Why Doha condoned Iranian attacks on Saudi installations

Western intelligence sources had disclosed that Qatar had advance knowledge of the Iranian attacks on Aramco’s facilities.
Sunday 01/12/2019
Mystery begins to unfold. Remains of missiles, which Saudi government says were used to attack an Aramco oil facility, on  display during a news conference in Riyadh, last September.(Reuters)
Mystery begins to unfold. Remains of missiles, which Saudi government says were used to attack an Aramco oil facility, on display during a news conference in Riyadh, last September.(Reuters)

LONDON - Qatar had advance knowledge of the September 14 attacks on Saudi Aramco’s oil facilities, Western intelligence sources said.

The sources pointed out that Iran had informed Qatar in advance of the attacks as part of the coordination that exists between the two sides regarding Saudi Arabia.

The drone attacks caused significant damage to Aramco’s facilities at Abqaiq and Khurais and reduced Saudi oil production for several days.

A Gulf security official expressed the belief that Qatar’s objective went beyond the destructive impact of the operation in that it was meant to sabotage Saudi oil giant Aramco’s planned initial public offering by suggesting that its facilities were under threat of attack and that investment in Aramco carries significant risks.

Pro-Iranian Houthi rebels, who control an area of northern Yemen, including Sana’a, have claimed responsibility for the attacks, while Saudi Arabia and US official sources said the launch of the drones was from Iranian territory.

“We continue to process information on the attack against Aramco. The conclusions will be released mainly through the Saudis,” said US Marine General Kenneth McKenzie, who oversees operations in the Middle East and South Asia.

McKenzie said: “We are working with the Saudis to enhance the networking between their systems. That will make them better able to defend against this type of threats.”

The US official said boosting the US military presence at Prince Sultan Air Base south of Riyadh, in addition to at other large bases, would “complicate an adversary’s targeting ability.”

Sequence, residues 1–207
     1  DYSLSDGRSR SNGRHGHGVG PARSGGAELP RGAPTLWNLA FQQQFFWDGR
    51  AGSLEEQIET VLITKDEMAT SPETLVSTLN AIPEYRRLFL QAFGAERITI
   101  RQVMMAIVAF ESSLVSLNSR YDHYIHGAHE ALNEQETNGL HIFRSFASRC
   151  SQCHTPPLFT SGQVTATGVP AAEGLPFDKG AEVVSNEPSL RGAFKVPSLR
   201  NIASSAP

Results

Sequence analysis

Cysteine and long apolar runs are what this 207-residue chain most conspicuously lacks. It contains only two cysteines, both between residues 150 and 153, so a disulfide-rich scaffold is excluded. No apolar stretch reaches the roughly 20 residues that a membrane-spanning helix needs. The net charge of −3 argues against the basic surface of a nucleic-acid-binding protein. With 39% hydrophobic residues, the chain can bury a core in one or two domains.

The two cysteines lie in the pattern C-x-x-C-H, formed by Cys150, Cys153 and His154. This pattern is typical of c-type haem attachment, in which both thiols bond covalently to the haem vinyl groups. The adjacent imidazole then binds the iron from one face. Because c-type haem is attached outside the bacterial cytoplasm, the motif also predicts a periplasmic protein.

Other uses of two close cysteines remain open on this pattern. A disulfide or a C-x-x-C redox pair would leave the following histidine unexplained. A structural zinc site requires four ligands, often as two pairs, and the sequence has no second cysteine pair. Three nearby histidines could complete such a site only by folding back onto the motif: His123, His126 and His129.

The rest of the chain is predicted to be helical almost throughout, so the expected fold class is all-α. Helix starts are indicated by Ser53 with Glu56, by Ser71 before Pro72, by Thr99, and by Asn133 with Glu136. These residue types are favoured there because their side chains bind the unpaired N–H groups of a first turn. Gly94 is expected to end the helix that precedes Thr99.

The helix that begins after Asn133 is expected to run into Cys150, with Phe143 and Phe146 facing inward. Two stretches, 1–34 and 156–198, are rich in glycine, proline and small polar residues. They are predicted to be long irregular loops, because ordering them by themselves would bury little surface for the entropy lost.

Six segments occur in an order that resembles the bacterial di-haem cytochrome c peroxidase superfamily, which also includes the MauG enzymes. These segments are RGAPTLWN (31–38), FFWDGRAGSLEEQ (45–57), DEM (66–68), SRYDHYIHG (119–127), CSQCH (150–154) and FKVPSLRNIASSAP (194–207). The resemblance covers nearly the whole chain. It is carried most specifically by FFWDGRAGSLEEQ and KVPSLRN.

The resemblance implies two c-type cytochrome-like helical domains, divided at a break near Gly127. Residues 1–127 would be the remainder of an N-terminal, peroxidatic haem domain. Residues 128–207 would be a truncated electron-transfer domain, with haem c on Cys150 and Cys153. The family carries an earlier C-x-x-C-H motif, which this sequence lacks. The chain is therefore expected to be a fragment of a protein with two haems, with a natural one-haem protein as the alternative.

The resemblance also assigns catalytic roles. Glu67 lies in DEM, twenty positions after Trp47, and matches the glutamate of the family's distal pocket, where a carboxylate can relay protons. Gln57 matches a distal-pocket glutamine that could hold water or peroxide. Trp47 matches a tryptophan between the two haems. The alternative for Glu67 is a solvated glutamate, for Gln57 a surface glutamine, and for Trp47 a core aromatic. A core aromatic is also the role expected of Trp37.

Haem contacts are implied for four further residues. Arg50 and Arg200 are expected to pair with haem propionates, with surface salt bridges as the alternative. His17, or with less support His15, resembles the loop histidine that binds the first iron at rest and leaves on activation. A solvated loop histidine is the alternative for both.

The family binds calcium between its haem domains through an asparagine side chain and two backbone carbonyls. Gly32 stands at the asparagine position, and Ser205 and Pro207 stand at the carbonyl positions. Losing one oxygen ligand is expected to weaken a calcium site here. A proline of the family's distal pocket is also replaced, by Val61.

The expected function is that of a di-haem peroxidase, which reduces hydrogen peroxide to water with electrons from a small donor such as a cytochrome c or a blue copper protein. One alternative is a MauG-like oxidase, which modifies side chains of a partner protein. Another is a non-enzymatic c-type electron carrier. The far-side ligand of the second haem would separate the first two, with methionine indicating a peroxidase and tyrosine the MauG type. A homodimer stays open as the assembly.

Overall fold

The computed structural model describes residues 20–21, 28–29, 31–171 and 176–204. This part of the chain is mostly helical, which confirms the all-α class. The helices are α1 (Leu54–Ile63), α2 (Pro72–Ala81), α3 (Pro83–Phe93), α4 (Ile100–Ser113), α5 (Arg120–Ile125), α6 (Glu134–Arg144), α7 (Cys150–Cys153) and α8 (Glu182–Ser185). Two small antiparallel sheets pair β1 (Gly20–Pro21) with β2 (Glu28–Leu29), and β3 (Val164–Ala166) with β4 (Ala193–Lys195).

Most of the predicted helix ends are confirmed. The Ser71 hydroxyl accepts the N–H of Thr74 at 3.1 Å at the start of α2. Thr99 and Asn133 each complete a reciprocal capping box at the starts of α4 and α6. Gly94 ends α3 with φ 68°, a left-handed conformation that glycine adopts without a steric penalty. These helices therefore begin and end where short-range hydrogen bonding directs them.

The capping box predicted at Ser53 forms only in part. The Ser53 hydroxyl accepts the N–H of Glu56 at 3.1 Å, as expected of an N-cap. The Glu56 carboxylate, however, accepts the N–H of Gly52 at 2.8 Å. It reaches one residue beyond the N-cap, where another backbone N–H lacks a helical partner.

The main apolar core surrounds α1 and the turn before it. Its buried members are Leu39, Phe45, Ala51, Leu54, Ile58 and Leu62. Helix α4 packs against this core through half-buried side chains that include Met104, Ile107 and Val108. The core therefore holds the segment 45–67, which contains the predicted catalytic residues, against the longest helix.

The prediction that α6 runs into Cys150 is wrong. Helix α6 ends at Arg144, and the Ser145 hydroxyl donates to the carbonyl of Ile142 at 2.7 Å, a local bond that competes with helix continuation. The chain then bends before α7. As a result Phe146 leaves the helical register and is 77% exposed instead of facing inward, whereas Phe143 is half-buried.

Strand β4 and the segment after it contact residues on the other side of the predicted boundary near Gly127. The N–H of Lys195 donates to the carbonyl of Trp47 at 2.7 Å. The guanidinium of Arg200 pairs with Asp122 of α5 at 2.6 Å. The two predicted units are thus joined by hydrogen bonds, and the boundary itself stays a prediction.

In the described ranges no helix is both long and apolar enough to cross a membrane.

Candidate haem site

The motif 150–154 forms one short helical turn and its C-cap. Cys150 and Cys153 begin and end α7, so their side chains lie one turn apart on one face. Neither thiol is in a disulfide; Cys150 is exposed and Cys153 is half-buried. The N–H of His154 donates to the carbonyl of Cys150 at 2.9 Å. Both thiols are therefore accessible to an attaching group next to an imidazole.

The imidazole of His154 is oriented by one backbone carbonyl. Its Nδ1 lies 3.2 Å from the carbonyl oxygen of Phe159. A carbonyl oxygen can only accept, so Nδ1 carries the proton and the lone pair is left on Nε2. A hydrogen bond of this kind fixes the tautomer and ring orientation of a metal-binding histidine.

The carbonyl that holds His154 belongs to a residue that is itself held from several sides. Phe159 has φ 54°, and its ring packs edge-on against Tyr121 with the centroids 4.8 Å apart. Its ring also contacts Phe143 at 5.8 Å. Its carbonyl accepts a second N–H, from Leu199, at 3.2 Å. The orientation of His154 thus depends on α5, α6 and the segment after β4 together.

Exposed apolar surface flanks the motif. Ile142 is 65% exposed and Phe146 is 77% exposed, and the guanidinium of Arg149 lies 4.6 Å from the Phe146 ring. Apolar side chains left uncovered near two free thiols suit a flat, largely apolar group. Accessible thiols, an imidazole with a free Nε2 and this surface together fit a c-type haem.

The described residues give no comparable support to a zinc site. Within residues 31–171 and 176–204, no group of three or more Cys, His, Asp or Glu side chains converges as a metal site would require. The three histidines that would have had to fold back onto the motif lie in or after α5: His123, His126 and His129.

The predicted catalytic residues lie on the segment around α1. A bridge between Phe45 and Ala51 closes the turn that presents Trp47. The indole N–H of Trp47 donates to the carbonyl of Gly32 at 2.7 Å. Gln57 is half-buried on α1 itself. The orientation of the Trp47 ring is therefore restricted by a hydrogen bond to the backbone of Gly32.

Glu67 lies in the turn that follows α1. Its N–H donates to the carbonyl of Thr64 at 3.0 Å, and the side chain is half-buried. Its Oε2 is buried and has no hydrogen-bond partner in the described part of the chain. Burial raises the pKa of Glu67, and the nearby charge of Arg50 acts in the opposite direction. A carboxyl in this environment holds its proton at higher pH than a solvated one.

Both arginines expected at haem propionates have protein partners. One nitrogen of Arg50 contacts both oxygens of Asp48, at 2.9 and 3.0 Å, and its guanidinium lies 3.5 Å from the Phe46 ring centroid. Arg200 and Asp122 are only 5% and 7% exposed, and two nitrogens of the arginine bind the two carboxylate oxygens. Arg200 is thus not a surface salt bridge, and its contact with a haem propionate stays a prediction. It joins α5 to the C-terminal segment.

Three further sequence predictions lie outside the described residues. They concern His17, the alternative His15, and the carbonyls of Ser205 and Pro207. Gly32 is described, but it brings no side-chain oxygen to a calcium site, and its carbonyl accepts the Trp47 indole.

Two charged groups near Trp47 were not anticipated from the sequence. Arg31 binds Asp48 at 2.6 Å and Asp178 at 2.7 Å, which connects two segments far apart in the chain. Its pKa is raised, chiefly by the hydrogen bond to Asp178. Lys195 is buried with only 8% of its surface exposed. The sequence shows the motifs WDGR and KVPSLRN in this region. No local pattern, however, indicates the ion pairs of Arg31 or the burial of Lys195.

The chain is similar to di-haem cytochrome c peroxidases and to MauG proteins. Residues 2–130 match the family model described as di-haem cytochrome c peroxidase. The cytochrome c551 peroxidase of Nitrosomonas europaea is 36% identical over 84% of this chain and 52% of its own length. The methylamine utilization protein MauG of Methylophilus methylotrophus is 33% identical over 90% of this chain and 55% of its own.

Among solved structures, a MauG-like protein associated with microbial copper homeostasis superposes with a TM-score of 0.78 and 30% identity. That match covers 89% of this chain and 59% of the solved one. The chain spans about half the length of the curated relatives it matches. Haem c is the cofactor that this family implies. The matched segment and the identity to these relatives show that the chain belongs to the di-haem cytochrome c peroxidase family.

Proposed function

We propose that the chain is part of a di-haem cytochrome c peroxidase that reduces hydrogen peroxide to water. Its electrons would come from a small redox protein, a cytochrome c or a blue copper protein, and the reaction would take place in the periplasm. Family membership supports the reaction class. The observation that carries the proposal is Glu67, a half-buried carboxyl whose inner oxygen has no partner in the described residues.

Western intelligence sources had disclosed that Qatar had advance knowledge of the Iranian attacks on Aramco’s facilities days after Fox News had revealed that Qatar also knew beforehand of the attacks carried out on May 12 by the Iran’s Islamic Revolutionary Guard Corps against four oil tankers, two of which were Saudi and the other two Norwegian and Emirati, off the UAE port of Fujairah. The tankers were moderately damaged.

Fox News reported that Qatar was aware of the Iranian attacks on merchant vessels and oil tankers in the Gulf of Oman and did not provide this information to the Americans or the French and the British.

“Credible intelligence reports indicate that the Islamic Revolutionary Guard Corps’ (IRGC’s) al-Quds Force is responsible for the attacks near Fujairah, and that elements of the Iranian government as well as the state of Qatar were aware of the IRGC’s activities,” Fox News said in its report.

After reviewing the Fox News report, French lawmaker Nathalie Goulet said she was deeply concerned about the information she received and that she would send the report to the Ministry of Defence and ask questions to her European colleagues in charge of the Middle East.

The United States and France have stepped up radar system capabilities in Saudi Arabia following the drone and missile attacks on the kingdom’s oil infrastructure. Washington had blamed the attacks on Iran.

French Defence Minister Florence Parly said Paris was separately sending Riyadh “a set of powerful early warning systems,” including radar systems that can detect and destroy low-flying objects.

Saudi Minister of State for Foreign Affairs Adel al-Jubeir said at the Manama Dialogue Conference in late November that Riyadh was consulting its allies about measures to be taken against Iran after completing the investigation into the Aramco attacks.

Washington’s sanctions have had a direct impact on Iran’s ability to export its oil at a time when its economy has been experiencing major problems, especially because of the regime’s failure to diversify the country’s economy.

High-level Arab political sources indicated that they were not surprised at the Qatari-Iranian coordination targeting Saudi Arabia, because it has been going on for many years, especially since both countries have cooperated closely with the Muslim Brotherhood and gave it protection. The Saudi-led Arab quartet has imposed a boycott of Qatar since June 2017.

Doha has increased its support for the Houthis in Yemen. This support was evident in the assistance provided by Qatar to Yemeni tribes in the vicinity of Sana’a to distance themselves from the former Yemeni President Ali Abdullah Saleh, who had close ties with these tribes and their leaders.

This type of support made it easier for the Houthis, according to area experts, to assassinate the former Yemeni president on December 3, 2017. Ali Abdullah Saleh was living in those days at his home in Sana’a and began taking steps to rid Sana’a of Iranian influence.

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